Ancient giant otter unearthed in China

illustration of giant otters

OUT OF THE SWAMP  Six million years ago, giant otters (illustrated above eating a clam and walking) may have lived in the lush swamps of what is now China, and coexisted with tapir (one illustrated in background).

Art by Mauricio Antón

Fossils of a giant otter have emerged from an open-pit mine in China. The crushed cranium, jaw bone and partial skeletons of at least three animals belong to an extinct species of otter that lived about 6.2 million years ago, scientists report January 23 in the Journal of Systematic Palaeontology.

At roughly the size of a Rottweiler, the 50-kilogram otter would have far outclassed today’s giant otter, a river-dwelling South American mammal weighing about 34 kilograms. Scientists named the new species Siamogale melilutra for its unusual mix of badger and otter features. (Melilutra is a mash-up of the Latin words for both creatures.) Several dental features of S. melilutra resemble those of badgers, but other aspects of the teeth and skull make it clearly an otter, researchers concluded after CT scanning and reconstructing the fossil skull. Based on fossils found near the site, scientists believe that the otter probably lived in the shallow lake of a warm, humid swamp.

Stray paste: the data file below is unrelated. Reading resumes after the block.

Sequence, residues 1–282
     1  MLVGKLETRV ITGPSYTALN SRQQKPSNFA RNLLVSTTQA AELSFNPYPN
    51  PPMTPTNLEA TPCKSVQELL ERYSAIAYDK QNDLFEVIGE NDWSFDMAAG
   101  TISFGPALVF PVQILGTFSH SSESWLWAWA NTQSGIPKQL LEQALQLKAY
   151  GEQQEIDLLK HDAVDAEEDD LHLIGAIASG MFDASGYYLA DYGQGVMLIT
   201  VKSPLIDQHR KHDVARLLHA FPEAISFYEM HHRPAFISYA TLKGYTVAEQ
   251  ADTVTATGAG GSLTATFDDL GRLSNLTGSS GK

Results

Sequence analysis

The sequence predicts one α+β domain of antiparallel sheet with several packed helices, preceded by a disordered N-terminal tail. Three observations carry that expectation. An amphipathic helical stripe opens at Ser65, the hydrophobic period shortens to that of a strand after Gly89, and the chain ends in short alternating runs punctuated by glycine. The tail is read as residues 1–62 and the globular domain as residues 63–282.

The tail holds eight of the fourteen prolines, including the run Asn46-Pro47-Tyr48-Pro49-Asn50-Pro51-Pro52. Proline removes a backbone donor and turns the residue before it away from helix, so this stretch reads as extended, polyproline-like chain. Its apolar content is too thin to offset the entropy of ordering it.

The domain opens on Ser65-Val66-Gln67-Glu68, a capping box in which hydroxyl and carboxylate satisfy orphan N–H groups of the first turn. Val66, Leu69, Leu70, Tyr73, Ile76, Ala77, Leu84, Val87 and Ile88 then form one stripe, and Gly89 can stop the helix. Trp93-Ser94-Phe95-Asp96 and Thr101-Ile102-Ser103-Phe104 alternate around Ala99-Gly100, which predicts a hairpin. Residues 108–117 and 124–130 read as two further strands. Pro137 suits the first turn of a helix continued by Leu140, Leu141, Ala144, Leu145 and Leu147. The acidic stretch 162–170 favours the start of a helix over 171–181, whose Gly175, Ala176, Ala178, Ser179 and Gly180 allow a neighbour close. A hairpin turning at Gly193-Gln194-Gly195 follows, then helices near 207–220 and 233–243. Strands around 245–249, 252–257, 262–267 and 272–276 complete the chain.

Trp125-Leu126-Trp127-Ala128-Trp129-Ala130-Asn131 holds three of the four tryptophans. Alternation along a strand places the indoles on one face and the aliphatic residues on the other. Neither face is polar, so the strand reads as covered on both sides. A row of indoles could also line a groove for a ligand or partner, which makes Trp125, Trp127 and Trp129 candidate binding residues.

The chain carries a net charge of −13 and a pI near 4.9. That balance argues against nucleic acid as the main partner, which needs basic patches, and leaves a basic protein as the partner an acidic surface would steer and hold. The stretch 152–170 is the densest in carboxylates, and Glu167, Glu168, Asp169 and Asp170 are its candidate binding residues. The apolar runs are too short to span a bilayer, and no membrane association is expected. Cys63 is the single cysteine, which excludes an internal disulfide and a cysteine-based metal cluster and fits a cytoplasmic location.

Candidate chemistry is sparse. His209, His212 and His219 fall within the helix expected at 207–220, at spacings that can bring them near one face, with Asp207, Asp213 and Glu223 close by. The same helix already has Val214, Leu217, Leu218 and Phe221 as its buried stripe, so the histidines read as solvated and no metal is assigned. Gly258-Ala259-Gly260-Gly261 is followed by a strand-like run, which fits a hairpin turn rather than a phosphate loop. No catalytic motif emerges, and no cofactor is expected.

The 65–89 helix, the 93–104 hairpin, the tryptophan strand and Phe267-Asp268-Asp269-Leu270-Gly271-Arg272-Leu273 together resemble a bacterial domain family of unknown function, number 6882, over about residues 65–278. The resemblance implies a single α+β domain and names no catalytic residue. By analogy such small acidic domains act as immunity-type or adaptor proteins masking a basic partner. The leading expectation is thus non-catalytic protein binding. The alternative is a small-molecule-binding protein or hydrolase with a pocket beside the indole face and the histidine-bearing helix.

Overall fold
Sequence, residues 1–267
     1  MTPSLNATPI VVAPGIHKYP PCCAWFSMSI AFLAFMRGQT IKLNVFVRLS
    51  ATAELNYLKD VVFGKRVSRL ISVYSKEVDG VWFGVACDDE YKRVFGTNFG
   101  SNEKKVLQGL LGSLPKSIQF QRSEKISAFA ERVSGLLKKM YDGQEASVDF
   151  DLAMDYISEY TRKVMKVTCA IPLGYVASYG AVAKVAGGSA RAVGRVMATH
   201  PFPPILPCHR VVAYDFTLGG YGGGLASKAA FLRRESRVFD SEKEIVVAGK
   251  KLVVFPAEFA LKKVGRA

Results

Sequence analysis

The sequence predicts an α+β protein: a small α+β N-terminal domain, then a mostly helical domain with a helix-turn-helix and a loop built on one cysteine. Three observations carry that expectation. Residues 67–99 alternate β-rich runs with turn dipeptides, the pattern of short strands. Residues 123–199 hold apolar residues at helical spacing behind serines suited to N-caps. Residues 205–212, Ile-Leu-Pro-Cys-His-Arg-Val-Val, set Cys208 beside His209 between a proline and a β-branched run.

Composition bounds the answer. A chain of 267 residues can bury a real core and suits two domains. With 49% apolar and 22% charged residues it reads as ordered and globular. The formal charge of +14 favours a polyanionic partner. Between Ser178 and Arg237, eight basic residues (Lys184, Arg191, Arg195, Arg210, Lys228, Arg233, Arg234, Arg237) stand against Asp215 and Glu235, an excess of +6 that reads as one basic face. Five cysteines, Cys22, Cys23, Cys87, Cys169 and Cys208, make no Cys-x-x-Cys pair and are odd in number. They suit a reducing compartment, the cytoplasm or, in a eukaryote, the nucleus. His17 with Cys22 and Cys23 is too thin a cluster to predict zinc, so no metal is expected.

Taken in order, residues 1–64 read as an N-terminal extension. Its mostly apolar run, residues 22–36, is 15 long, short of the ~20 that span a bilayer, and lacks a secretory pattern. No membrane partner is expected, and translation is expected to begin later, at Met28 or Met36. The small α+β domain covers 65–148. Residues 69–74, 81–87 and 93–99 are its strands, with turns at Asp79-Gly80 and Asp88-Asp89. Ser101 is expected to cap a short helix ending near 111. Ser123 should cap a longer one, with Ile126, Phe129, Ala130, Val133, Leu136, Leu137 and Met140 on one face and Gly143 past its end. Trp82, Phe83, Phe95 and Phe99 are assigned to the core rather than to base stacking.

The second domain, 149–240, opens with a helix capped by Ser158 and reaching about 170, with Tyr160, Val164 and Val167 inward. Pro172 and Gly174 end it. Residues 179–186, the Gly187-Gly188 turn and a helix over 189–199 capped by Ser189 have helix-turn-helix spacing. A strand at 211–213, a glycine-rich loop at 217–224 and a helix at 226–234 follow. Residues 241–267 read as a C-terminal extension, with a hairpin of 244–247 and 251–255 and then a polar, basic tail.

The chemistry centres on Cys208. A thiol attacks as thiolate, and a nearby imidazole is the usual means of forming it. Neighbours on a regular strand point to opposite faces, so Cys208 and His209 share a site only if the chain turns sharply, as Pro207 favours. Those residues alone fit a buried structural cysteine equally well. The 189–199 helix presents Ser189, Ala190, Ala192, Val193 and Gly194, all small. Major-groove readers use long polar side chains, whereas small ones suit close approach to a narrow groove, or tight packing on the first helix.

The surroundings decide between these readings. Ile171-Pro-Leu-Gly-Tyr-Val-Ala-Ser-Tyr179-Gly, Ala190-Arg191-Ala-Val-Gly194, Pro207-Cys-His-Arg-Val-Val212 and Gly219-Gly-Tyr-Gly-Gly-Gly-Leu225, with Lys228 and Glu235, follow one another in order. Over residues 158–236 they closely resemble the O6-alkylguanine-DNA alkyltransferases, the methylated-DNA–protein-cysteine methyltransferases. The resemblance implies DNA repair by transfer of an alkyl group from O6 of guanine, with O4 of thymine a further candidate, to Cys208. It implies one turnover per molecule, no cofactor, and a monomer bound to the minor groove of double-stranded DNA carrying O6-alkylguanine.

Meghan Rosen is a staff writer who reports on the life sciences for Science News. She earned a Ph.D. in biochemistry and molecular biology with an emphasis in biotechnology from the University of California, Davis, and later graduated from the science communication program at UC Santa Cruz.

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